8 thoughts on “P96 – Baird

    1. Bacteriophage co evolve with their their host bacteria. These bacteria have evolved with M. smeg and in that process developed long non contractile tails that were most effective at infecting and in our case lysing M. smeg. If our specific bacteria had different tails that it did not evolve with it is likely that it would not be able to infect M. smeg.

  1. Why are you conducting this experiment? Why should someone conduct further research on your experiment?

    1. We conducted this experiment in hopes of isolating and characterizing a Mycobacteriophage. M. smeg is closely related to M. tuberculosis, so if our phage is capable of infecting M. smeg then it might be able to infect M. tuberculosis and be used in the treatment of antibiotic resistant tuberculosis.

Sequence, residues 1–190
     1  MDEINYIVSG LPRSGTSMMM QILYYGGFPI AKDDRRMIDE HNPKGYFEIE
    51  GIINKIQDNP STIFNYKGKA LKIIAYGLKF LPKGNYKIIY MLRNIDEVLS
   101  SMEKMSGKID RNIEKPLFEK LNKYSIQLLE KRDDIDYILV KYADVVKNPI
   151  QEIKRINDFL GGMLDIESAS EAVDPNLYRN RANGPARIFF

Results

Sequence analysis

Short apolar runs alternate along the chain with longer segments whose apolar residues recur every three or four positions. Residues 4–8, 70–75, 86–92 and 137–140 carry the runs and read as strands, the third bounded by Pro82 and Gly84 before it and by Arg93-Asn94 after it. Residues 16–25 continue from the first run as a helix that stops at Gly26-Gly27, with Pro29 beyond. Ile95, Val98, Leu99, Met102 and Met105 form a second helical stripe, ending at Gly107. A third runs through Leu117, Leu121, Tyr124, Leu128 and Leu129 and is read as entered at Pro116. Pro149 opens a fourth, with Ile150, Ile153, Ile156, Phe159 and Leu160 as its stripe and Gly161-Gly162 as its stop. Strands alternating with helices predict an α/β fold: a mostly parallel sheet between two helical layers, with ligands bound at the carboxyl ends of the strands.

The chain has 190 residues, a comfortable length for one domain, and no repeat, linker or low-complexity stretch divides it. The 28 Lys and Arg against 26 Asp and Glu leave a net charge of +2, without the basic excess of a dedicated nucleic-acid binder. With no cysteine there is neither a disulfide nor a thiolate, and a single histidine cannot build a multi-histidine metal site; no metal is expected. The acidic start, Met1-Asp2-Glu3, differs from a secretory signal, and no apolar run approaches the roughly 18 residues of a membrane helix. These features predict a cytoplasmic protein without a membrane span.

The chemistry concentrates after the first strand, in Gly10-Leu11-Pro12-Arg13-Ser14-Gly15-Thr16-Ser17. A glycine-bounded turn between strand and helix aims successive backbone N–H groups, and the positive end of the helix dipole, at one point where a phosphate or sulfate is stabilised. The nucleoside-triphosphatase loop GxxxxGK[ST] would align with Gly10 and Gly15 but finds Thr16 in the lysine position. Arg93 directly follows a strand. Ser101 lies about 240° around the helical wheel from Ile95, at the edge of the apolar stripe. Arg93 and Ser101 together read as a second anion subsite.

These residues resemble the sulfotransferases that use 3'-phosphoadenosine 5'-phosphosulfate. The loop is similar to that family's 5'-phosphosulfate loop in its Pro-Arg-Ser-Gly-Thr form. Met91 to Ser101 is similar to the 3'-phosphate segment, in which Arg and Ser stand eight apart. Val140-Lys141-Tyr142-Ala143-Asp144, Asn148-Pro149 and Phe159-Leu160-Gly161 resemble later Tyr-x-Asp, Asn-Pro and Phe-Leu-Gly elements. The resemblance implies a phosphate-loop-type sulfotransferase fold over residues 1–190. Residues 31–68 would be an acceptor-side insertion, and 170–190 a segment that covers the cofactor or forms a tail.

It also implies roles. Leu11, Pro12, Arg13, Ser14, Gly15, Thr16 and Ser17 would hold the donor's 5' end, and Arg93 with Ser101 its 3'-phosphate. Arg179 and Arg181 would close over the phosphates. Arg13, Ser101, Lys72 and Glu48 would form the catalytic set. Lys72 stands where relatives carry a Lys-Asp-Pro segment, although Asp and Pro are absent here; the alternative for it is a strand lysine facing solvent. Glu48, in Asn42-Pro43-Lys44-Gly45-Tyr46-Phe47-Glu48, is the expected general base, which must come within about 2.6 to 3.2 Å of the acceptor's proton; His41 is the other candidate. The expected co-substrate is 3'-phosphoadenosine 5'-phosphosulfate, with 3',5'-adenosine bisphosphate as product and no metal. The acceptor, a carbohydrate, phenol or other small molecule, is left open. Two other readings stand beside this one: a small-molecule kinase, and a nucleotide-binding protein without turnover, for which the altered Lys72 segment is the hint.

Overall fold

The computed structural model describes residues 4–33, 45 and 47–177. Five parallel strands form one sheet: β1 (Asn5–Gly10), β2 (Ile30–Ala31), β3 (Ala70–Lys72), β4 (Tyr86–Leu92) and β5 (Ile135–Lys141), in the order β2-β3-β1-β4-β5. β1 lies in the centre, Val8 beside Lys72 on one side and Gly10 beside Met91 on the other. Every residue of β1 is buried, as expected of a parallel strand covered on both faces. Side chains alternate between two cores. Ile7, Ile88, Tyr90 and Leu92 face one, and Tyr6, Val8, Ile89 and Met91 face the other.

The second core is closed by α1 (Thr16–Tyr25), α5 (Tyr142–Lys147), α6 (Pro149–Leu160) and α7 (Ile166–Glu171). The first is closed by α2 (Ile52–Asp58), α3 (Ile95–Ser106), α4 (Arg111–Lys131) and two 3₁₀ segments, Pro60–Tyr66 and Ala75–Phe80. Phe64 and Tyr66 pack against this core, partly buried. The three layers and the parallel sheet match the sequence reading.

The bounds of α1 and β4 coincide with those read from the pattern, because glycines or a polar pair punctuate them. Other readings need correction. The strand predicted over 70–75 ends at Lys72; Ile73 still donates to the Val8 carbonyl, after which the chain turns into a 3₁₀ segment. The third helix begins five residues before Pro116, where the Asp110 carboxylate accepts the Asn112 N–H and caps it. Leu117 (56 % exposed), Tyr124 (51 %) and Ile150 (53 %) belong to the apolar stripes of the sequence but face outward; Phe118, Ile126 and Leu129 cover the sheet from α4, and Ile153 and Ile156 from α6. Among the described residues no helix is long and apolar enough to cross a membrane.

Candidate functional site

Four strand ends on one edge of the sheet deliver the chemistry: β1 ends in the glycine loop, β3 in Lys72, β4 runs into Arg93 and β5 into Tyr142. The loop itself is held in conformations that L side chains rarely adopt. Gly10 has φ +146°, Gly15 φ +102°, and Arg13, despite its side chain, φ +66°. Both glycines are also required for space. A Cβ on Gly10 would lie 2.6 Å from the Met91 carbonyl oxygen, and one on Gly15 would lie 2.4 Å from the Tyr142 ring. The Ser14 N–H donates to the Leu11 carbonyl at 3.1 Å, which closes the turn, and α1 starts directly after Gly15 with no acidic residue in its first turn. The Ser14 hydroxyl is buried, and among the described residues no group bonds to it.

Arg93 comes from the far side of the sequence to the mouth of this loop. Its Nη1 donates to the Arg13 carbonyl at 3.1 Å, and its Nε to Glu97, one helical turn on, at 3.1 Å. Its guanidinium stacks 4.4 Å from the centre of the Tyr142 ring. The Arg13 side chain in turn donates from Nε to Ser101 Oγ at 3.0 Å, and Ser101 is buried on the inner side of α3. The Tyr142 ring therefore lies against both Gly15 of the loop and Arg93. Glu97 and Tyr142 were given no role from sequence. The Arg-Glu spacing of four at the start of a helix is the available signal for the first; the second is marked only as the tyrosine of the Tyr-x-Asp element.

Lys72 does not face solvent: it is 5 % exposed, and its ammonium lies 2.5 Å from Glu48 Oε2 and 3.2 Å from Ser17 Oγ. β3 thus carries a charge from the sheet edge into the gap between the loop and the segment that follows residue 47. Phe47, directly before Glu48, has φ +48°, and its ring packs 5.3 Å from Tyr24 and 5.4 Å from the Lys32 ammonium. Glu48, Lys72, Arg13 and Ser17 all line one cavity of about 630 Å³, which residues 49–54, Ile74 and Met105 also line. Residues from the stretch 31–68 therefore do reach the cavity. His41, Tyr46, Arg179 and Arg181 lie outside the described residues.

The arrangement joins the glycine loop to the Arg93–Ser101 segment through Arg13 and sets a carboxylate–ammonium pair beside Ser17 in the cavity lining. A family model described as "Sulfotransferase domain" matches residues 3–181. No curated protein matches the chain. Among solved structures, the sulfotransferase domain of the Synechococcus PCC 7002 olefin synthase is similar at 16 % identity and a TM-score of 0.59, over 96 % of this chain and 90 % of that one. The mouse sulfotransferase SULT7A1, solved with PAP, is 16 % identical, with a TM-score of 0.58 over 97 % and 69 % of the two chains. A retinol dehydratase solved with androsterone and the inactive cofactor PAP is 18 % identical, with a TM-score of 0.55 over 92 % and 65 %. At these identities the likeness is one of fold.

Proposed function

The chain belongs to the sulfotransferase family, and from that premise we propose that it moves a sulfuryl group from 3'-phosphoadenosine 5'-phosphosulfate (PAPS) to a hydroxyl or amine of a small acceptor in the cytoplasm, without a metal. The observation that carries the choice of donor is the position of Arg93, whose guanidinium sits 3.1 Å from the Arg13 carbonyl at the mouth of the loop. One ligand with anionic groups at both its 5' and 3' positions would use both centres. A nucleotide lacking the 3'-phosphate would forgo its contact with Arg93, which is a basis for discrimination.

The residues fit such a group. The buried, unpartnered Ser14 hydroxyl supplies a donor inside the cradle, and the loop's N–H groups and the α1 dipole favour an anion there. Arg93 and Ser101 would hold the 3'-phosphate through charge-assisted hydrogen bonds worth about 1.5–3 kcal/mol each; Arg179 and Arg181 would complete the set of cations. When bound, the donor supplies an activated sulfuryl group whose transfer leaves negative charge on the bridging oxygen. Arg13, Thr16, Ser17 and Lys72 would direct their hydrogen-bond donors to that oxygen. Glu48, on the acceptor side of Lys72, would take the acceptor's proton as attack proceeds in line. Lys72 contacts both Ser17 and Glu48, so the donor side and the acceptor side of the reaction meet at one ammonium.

2. If you wanted to test the phage for its success with tuberculosis what would the first steps be?

    1. We would use a similar process. Provide a bacterial lawn of M. tuberculosis and a concentration of phage lysate would be introduced to said lawn. Depending on the results of this experiment the next steps would be decided.

  3. Great job on your presentation! Does the type of phage isolated affect the outcomes associated with phage therapy?

    1. Thank you! Yes absolutely, if the phage isolated is lytic (meaning it lysis’ or kills the host bacteria) rather than temperate (keeps the phage genome integrated in the host bacteria) than it is a much better candidate for phage therapy. We would not want to use a temperate phage for phage therapy because these phage do not kill the host bacteria and can actually make the host bacteria more resistant to infection of other phage.

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